Understandable certainly, especially when speaking of a workplace situation, albeit a workplace involving grown men playing a kid’s game. So after 2,345 regular season games managed, it would be safe to assume that Scioscia has evolved in how he handles the locker room environment. Especially when it comes to a concept that can be both overblown and undervalued in baseball—leadership.
“There has to be a peer group of leadership in every clubhouse,” Scioscia said. “I think if there’s not, it’s not that you can’t absorb it, but it makes things much more difficult for a manager and a major league staff. Every year that we’ve been here, you’ve always had that core group of peers out there that understand the game, that are really the mentors of a lot of the younger players. I think we oversee that and you have to be part of that. I think the leadership aspect of the whole organization is on many fronts. It’s not just one manager, one general manager, or one owner. I think the whole fabric of our organization has to be woven with leadership.
“I do think the person in the manager’s position obviously has a lot of responsibility, but there are some things that a manager or a coach is not going to be able to put into a team. You can try your best to input some things. You can try your best to input the understanding of a play. The experience of this game is going to do much more to teach players how to play the game than anything a manager or coach could do. I think connected with that experience is the peer group and the peer leadership in that clubhouse, because those guys have already been through it and learned it the same way. There are going to be things that they are going to be able to relate to a younger player. I think it’s going to resonate much more than if we tell them.”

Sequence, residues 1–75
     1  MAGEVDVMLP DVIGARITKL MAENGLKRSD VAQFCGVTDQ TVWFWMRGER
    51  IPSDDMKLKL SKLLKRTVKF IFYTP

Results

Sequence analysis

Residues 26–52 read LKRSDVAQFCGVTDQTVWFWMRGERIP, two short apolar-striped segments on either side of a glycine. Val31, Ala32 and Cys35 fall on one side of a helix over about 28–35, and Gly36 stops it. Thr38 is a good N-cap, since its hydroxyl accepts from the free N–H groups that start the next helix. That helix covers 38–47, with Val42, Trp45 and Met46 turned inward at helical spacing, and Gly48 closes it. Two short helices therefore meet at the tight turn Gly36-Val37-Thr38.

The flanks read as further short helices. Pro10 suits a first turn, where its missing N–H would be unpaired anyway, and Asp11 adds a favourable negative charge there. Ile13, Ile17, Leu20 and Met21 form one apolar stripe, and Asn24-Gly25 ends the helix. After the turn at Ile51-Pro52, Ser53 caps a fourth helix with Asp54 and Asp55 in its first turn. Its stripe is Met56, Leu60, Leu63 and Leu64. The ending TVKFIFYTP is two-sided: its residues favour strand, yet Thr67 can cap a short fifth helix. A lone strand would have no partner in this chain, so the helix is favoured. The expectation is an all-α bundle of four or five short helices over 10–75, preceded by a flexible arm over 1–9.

But the guidance that may resonate coming from the leader himself is advice given to his colleagues on how to handle the media-generated “hot seat” that all long-tenured managers inevitably sit on from time to time.
“I think you just be yourself and stay true to your philosophy,” Scioscia advises. “That gets me through every rough patch. You know I’m not one that’s going to pay a lot of attention to what opinions are out there from the media. There are some guys in the media I think you respect a lot and there are some guys you know that are giving opinions for alternative reasons or concepts. So I’m not going to pay a lot of attention to that. But I think what you’re going to listen to is the team, your players, your organization, and you need to have a philosophy that you are committed to. That doesn’t mean that you’re not going to tweak some things in the periphery, whether it’s something in spring training that may help the team, or things like that. But the philosophy of how you want to teach the game and how you want to go about competing should never waver, and I think you have to be true to that. So through any tough times, I’ve just come out here every day with an understanding of what we’re trying to accomplish, how we’re going to compete, getting the players ready to go and hopefully winning a game. I think that process keeps you away from a lot of the distractions that are out there of people who are starting to talk about if you’re going to lose your position or not.”
A cup of coffee and a conversation with a driven leader in this game is an uplifting way to start a day. You can hear the entire conversation this Sunday night on MLB Roundtrip with Baseball Prospectus presented by Perfect Game on Sirius 209, XM 89 following the evening matchup of the Yankees and Red Sox.